Worldwide PC shipments totaled 72-million units in the second quarter of 2022, a 12,6% decline from the second quarter of 2021, according to preliminary results by Gartner.

This is the sharpest decline in nine years for the global PC market, brought on by geopolitical, economic and supply chain challenges impacting all regional markets.

“The decline we saw in the first quarter of 2022 has accelerated in the second quarter, driven by the ongoing geopolitical instability caused by the Russian Invasion of Ukraine, inflationary pressure on spending and a steep downturn in demand for Chromebooks,” says Mikako Kitagawa, research director at Gartner.

“Supply chain disruptions also continued, but the major cause of PC delivery delays changed from component shortages to logistics disruptions. Enterprise buyers continued to experience longer PC delivery times than usual, but the lead times began to improve by the end of the second quarter, partially because key cities in China reopened in the middle of the quarter.

“To maintain profits as inflation increases costs, the PC industry is having to raise average selling prices (ASPs) despite weakening demand. The reduction in the mix of PCs from Chromebooks, which tend to have low price points, and shift to premium products also helped increase the average ASP.

“However, an increase in inventory, especially in the consumer channel, could cause an ASP decline as vendors will try to lower inventory.”

The top three vendors in the worldwide PC market experienced declines in PC shipments in the second quarter of 2022, but their ranking remained unchanged.

The combination of HP declining 27,5% and Dell declining 5,2% allowed Dell to move to within 0,3 percentage points of HP in market share. Apple was the only vendor to experience growth in the second quarter of 2022, driven by the popularity of the M1 device .

 

Preliminary Worldwide PC Vendor Unit Shipment Estimates for 2Q22 (Thousands of Units)

Company 2Q22 Shipments 2Q22 Market Share (%) 2Q21 Shipments 2Q21 Market Share (%) 2Q22-2Q21 Growth (%)
Lenovo 17,863 24.8 20,419 24.8 -12.5
HP Inc. 13,506 18.8 18,617 22.6 -27.5
Dell 13,298 18.5 14,035 17.0 -5.2
Apple 6,365 8.8 5,822 7.1 9.3
Acer 5,094 7.1 6,264 7.6 -18.7
ASUS 4,697 6.5 4,909 6.0 -4.3
Others 11,186 15.5 12,359 15.0 -9.5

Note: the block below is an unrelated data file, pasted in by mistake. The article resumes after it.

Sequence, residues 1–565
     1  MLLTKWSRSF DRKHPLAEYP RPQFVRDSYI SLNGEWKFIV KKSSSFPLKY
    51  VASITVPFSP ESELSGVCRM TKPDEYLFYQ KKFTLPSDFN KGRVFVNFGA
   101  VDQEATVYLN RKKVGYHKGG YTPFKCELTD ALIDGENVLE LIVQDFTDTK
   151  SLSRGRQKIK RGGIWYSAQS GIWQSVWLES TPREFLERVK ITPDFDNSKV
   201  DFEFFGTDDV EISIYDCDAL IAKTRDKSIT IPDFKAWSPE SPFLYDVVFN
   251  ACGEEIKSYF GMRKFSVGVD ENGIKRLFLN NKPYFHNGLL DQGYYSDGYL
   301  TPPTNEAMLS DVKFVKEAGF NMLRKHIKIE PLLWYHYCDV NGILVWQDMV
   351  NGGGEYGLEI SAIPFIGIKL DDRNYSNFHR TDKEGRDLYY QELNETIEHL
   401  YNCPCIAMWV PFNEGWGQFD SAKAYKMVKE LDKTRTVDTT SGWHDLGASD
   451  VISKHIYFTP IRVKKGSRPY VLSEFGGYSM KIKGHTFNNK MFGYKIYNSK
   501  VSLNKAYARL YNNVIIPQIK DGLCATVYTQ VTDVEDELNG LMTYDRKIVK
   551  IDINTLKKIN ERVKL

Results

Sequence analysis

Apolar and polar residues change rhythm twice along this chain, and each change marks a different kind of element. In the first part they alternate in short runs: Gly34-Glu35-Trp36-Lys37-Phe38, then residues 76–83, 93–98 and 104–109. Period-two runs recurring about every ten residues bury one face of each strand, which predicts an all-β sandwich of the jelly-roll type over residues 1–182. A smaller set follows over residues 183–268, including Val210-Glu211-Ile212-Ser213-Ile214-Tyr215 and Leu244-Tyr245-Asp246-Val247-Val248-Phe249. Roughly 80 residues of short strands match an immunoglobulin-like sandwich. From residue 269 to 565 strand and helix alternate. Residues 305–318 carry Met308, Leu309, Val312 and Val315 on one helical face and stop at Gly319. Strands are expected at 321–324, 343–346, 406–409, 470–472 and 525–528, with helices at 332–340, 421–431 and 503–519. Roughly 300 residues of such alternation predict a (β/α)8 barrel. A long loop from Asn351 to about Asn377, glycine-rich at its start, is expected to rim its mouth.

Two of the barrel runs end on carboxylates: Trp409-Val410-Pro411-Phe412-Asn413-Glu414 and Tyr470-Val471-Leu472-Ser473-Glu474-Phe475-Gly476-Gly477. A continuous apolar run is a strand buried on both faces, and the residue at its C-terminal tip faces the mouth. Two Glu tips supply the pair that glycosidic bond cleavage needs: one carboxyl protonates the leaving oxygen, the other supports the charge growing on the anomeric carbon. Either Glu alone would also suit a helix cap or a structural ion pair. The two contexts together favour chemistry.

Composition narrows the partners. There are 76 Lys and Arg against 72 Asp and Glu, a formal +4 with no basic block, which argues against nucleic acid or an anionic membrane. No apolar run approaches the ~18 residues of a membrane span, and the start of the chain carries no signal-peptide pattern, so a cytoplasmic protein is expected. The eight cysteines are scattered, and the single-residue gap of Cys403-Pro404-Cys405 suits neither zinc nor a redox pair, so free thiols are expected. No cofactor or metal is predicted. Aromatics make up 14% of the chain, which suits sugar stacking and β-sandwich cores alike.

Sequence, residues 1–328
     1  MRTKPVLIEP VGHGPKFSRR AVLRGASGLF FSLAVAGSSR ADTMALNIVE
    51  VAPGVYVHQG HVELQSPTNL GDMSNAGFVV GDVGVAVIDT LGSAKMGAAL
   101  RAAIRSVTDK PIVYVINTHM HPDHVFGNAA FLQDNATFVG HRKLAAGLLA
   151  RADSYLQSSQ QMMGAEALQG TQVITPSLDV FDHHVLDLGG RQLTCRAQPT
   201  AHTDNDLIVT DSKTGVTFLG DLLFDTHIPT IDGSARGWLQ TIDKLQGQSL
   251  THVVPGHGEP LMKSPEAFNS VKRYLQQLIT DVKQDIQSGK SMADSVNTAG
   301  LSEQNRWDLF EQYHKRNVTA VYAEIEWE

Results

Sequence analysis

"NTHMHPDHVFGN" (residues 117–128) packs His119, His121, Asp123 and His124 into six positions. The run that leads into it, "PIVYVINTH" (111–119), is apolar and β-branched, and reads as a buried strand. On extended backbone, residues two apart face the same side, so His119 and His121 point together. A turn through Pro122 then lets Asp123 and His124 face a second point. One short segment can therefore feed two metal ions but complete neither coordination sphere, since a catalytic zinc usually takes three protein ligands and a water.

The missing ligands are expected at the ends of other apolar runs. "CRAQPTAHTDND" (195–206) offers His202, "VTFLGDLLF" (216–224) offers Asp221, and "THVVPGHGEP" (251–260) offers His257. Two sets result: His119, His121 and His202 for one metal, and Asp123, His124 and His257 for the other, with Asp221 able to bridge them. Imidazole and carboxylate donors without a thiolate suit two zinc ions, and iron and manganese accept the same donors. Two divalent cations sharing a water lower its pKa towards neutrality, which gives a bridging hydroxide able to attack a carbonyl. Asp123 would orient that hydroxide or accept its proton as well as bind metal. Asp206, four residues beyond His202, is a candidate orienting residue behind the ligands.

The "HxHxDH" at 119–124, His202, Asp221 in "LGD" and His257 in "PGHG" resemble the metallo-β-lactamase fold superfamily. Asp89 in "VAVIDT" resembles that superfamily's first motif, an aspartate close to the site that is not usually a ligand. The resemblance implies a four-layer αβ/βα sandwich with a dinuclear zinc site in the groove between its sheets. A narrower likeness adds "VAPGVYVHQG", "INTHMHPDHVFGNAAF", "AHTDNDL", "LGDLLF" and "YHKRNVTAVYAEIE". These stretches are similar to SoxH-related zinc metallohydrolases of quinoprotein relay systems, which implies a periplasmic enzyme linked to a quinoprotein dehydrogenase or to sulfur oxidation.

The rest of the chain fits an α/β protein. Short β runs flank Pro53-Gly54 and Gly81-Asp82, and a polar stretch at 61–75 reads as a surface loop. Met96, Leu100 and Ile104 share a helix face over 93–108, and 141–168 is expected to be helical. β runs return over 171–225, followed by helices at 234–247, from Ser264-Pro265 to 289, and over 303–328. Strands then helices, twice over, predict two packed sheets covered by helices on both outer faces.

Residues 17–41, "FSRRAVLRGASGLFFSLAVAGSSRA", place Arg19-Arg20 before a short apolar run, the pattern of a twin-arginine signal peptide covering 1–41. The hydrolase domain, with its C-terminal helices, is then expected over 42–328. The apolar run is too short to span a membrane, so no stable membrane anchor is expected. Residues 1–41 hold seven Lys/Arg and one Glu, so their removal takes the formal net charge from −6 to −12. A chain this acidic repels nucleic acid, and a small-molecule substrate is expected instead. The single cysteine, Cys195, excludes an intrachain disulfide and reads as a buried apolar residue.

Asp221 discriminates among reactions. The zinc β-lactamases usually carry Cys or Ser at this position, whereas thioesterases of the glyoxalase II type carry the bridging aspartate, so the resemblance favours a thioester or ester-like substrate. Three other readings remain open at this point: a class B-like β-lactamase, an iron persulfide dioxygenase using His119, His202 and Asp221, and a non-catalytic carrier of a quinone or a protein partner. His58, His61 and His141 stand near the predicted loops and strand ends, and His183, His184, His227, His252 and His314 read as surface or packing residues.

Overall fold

Total 72,011 100.0 82,424 100.0 -12.6

Notes: Data includes desk-based PCs, notebook PCs, ultramobile premiums (such as Microsoft Surface) and Chromebooks, but not iPads. All data is estimated based on a preliminary study. Final estimates will be subject to change. The statistics are based on shipments selling into channels. Numbers may not add up to totals shown due to rounding.
Source: Gartner (July 2022)

 

Lenovo’s worldwide PC shipments declined year-over-year, the third consecutive quarter of decline for the company. However, Lenovo grew 2% in the worldwide desktop PC market, partly because the company improved its supply chain in EMEA.

HP experienced a decline of 27,5% in the second quarter of 2022, primarily due to a steep decrease in Chromebooks shipments.

Dell’s shipments declined year-over-year for the first time since the third quarter of 2020. Shipments were down across all key regions except Latin America where Dell registered 6,5% growth. Despite the overall shipments decline, Dell’s market share increased 1 percentage point compared to a year ago.

The EMEA PC market was the hardest hit in the second quarter of 2022 with a 18% decline in PC shipments, reaching only 17,8-million units.

“This is a major setback in total volume after two years of very strong growth stimulated by Covid-19 and refreshed interest in PCs among consumers and the education segment,” says Kitagawa.

“Abandonment or complete relinquishment of operations in Russia due to war in the Ukraine had an even bigger impact on the PC market, as Russian PC shipments for leading PC vendors used to contribute between 5-10% the total EMEA PC volume.”

EMEA also experienced a 20% decline in laptop shipments, while Chromebook shipments declined over 50% year-over-year. This is the result of overall sluggish demand from consumers across many countries in EMEA, struggling with price increases across many products, especially fuel and energy. A very high level of inflation will negatively impact consumer purchase power in the second half of 2022 and possibly into the first half of 2023.